We blew these things up with a specific amount of helium so they would rise at a known rate of assent and tracked them with a device called a theodolite. At night we attached a small flashlight size bulb with a water-activated battery and tracked that tiny light up to 10,000 feet. We usually cheated and use two lights to make tracking easier. Kinda hard to see that tiny light against the bright stars we had in the clear skies of the Mojave Desert where we were taking these PIBAL (Pilot Balloon) obs.
We took azimuth and elevation readings at one-minute intervals and recorded those to plot them and arrive at pretty accurate wind speed and directions at 1,000 foot intervals. We did this at Cuddyback AGGR (Air to Ground Gunnery Range) north of George AFB in the Mojave Desert of southern California. The F-4 fighter crews used our winds aloft obs to adjust their approach and aim on the targets.
Big balloons and helium in the hands of young men who sometimes had too much time on their hands was a combination ripe for mischief.
One of my favorite ploys was to breathe the helium and call Janis, usually around 0100 when she was sound asleep, and talk like I was Donald Duck. The helium affected your vocal chords and changed your voice to sound just like the Walt Disney character. I thought this was hilarious. Janis never seemed to find much humor in it—can’t understand why.
Another observer calculated he could inflate three 1,000 gram balloons and jump off the roof of the barracks at Cuddy and float like Mary Poppins with her parasol. I think he miscalculated. I figured the three balloons had the lifting capacity of maybe half a pound.
Mary Poppins crashed.
One time the range officer was really ticked his pilots were missing the targets, and he blamed my PIBAL obs. He called me to the tower and reamed me out, told me I had five minutes to get him fresh winds, implied correct winds. That presented a problem. It would take me at least two minutes to get down from the tower and to our balloon shed, and that would be running. Then you have to fill the balloons at a certain rate, which was quite slow, and I have no idea why. We ignored that rule anyway. Tracking the balloon would take at least another eight minutes, and plotting the winds would take another five or so. That was well over my allotted five minutes. I had a choice: lie and make something up, or do it right? I took the high ground. I figured if he wanted my stripes because I did it right, I would be OK with my DETCO (Detachment Commander). I gave him fresh winds that indicated little change from the previous obs and never heard about it again.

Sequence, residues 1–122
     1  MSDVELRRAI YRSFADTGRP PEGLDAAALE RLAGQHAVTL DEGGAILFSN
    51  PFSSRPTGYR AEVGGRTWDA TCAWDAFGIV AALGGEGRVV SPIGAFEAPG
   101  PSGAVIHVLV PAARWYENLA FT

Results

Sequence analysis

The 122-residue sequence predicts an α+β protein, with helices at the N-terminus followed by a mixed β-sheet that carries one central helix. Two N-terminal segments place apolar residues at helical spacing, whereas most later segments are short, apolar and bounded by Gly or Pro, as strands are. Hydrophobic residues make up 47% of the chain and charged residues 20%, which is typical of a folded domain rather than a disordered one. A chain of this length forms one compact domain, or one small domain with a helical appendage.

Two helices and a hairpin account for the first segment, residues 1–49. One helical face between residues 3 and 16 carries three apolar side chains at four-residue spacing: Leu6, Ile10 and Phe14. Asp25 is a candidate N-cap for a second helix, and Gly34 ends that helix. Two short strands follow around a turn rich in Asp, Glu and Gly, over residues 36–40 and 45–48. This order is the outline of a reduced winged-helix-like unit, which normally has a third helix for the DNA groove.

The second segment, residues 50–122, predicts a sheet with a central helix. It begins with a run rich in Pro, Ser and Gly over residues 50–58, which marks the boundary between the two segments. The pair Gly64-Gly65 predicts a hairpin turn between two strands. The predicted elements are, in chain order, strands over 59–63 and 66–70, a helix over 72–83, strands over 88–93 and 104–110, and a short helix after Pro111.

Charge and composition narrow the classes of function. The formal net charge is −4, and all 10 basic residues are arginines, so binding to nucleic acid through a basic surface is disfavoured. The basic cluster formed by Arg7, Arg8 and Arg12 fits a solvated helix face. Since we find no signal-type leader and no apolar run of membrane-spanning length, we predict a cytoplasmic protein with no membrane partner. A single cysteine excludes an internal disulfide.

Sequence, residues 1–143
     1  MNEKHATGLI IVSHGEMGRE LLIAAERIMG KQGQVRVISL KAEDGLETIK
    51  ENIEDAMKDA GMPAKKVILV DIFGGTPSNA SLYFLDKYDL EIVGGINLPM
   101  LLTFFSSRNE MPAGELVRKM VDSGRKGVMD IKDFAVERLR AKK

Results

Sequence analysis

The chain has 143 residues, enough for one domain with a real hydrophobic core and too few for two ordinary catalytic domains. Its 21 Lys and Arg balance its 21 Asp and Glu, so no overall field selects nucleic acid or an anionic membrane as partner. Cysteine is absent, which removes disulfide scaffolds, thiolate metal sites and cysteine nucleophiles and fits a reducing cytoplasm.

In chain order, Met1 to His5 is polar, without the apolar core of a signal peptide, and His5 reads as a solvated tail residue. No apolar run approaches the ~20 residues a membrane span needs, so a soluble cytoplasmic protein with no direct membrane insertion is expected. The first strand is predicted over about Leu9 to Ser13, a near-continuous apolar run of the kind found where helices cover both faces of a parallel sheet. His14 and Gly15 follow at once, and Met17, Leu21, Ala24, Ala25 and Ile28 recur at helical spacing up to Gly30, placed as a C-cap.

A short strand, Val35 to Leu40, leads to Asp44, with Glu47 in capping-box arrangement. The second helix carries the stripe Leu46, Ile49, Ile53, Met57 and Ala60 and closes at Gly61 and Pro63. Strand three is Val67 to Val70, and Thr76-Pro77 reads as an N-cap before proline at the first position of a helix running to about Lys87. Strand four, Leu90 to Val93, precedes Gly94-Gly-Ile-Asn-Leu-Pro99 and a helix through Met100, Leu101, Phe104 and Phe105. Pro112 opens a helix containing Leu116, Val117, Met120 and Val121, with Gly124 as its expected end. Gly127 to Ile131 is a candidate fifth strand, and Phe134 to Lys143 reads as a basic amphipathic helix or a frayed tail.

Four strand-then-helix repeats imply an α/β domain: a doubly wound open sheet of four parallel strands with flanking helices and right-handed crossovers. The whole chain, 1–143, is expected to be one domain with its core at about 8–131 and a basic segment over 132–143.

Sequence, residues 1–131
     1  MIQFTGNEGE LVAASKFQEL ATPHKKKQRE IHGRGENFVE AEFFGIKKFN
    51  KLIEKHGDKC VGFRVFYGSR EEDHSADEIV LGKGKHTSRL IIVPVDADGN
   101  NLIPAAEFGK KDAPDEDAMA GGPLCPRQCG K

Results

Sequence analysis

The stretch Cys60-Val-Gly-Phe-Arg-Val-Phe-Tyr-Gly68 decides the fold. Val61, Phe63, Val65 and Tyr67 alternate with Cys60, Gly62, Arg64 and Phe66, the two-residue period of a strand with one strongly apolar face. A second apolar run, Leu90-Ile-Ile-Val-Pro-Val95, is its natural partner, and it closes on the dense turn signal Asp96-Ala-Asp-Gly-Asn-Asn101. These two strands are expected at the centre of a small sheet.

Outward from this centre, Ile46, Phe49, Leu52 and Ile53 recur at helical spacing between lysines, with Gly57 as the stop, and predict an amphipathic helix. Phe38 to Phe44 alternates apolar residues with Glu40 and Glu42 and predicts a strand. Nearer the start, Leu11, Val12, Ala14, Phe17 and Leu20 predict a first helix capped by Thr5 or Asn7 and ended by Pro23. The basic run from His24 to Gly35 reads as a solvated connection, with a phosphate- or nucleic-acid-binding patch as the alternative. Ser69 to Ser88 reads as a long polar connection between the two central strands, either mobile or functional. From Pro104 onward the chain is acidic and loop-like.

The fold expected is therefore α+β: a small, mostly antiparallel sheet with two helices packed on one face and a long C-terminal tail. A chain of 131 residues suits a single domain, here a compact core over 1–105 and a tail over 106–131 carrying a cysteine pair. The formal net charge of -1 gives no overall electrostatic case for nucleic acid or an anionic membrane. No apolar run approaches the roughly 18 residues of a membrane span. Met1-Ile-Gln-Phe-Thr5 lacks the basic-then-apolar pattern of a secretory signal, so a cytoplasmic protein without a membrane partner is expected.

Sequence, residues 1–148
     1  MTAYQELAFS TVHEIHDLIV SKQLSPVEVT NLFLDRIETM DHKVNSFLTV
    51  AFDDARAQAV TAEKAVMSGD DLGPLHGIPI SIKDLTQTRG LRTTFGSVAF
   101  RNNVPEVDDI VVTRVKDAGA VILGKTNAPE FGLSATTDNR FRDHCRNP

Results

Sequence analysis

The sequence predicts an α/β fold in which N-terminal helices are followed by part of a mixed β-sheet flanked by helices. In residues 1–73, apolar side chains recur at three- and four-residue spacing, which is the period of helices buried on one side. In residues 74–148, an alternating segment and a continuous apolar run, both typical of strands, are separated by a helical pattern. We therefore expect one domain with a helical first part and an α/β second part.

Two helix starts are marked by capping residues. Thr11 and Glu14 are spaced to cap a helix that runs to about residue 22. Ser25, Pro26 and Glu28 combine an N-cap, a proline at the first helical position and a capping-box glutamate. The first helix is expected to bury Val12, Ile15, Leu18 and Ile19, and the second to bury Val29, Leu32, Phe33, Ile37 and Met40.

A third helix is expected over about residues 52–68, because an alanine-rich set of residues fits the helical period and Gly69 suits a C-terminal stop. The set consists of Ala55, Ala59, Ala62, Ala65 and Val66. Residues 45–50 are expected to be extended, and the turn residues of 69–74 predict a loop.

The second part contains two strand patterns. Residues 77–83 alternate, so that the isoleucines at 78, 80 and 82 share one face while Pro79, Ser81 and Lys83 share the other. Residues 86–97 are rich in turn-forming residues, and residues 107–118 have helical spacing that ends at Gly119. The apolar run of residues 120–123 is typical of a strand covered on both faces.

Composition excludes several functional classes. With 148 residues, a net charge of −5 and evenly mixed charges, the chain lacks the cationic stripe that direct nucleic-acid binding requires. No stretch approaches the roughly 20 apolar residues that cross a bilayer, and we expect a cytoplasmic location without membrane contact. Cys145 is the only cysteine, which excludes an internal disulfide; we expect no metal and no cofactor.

On a side note, right after Cuddyback AGGR got their new electronic target scoring system that detected hits by the passage of the 20mm round within a set detection area, they had an issue with a fighter squadron commander back at George AFB. The CO was sorely disappointed with his pilots strafing scores and questioned the new equipment. He called and chewed out the Cuddyback crew then announced he was coming right up in his F-4 and would do strafing runs on the target to prove how screwed up the new system was.
The clever boys at Cuddyback, thus warned, cranked up the gain on the electronic scoring system. They had it high enough, if the 20mm round hit the dirt anywhere in southern California, it would score as a hit. The CO shot real well that day and called and apologized to the Cuddy crew when he got back to George. He then proceeded to ream out his pilots for their lousy shooting.
The Air Force could be a lot of fun!